September 17, 2010 — One of the world's prominent philanthropists opened the University of Virginia's symposium on giving with a question: "Are we witnessing a resurgence of philanthropy?"
Lincoln Chen, president of the China Medical Board of New York and a former executive vice president of the Rockefeller Foundation, posed the query Tuesday evening at the start of the three-day symposium, which focused on the role of philanthropy in the United States and the world and was hosted by the Center for International Studies.
"I think there is a promise of a second golden era, but it is certainly not at all assured," Chen said.
The symposium, "Civil Society, Philanthropy and Corporate Social Responsibility: Promoting Development and Building the Common Good," brought several world leaders on philanthropy to the Grounds.
One hundred years ago, Chen said, "the Rockefellers and the Carnegies decided they wanted to go to the root cause of social problems, and they did strategic investments and they used the corporate form to create what we now know as modern philanthropy."
"Some of our landmark American institutions are products of that era: University of Chicago, Rockefeller University, the discovery of the yellow fever vaccine that opened up the Suez Canal," he said.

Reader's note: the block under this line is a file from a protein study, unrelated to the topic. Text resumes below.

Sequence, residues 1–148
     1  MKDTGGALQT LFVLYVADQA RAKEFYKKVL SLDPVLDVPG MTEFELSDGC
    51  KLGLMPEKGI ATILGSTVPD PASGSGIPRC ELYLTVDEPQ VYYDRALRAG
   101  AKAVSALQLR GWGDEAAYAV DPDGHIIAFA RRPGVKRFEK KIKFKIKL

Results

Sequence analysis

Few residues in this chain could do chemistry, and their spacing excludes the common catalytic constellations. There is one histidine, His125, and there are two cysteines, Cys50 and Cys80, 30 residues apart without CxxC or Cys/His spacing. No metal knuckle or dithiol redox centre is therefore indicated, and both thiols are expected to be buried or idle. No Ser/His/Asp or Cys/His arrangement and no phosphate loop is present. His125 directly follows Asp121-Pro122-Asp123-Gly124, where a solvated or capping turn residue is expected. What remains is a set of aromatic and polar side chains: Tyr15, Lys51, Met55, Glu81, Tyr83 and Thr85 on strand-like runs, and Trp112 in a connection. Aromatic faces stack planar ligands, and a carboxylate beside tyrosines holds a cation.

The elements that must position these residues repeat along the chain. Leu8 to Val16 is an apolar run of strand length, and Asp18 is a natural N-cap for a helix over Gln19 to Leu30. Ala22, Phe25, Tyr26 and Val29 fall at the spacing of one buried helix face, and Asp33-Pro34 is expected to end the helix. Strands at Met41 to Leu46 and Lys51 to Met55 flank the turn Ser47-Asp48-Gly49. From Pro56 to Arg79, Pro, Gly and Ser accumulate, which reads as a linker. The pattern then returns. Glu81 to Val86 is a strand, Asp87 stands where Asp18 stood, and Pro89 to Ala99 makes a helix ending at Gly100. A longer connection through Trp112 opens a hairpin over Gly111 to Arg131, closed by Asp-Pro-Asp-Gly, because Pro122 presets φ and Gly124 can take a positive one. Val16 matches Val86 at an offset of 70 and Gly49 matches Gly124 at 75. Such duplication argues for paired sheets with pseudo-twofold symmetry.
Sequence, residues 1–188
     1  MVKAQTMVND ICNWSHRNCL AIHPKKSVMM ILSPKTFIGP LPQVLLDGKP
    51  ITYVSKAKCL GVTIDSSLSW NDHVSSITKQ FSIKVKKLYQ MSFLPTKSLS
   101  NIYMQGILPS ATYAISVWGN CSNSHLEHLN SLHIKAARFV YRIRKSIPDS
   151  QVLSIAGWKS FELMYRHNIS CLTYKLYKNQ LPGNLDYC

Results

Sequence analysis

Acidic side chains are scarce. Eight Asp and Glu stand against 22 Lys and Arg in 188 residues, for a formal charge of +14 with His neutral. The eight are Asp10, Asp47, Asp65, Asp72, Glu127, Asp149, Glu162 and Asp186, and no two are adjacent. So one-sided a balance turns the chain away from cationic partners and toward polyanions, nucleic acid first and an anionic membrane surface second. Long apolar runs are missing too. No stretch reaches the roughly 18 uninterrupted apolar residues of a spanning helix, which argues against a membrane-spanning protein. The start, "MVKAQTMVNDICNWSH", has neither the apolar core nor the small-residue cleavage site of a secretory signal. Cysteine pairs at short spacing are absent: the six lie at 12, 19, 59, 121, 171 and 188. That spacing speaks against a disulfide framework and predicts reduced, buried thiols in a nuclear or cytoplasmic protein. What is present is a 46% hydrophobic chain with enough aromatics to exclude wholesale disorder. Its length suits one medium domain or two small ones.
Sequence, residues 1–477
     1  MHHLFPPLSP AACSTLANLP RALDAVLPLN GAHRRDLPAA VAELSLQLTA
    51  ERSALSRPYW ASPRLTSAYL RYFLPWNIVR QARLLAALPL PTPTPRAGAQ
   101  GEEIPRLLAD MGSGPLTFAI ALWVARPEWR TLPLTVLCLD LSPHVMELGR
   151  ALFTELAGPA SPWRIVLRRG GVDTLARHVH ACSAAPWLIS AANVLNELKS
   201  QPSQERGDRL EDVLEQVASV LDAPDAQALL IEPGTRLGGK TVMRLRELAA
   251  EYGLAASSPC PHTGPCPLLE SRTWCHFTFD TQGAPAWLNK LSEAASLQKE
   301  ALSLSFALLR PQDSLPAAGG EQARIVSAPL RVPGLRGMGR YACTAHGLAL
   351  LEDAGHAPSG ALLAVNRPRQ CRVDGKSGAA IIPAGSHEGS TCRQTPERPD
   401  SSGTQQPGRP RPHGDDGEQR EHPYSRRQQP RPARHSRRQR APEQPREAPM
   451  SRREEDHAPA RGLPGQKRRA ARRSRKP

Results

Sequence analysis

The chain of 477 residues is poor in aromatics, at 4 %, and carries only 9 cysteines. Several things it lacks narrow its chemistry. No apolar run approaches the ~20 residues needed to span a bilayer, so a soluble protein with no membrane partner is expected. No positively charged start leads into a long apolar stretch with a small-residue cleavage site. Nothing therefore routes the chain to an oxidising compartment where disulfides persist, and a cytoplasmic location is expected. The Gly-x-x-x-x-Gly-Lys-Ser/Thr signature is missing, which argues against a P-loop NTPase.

Conditions today are right for a second golden era, he said, "with new technologies and markets, new institutions, and we certainly have generated the new wealth, despite the stock market crashes, and there is a spreading of philanthropy around the world.
"And of course you know that Bill Gates and Warren Buffet have these meetings with wealthy Americans to pledge 50 percent of their holdings" to charity. Thus far, more than 40 people have accepted the challenge, and Gates and Buffet are in China to meet with billionaires in that country.
On Wednesday, symposium attendees learned that philanthropy is not restricted to the wealthy, or even to people with money. Michael Seltzer of Rabin Strategic Partners told students, faculty and guests that he believes all people have something to offer.
"Philanthropy is not just financial," he said. "Each individual has wealth, if we count what we give with our time, our experience, our talent."
Seltzer's presentation focused on the philanthropy of the poor. He told the stories of unsung people, including a woman named Catherine Ferguson, a former slave in lower Manhattan who used the proceeds from her bakery to found New York's first Sunday school.
"She raised 48 children herself, never married, and is the unsung philanthropist in New York's history," he said.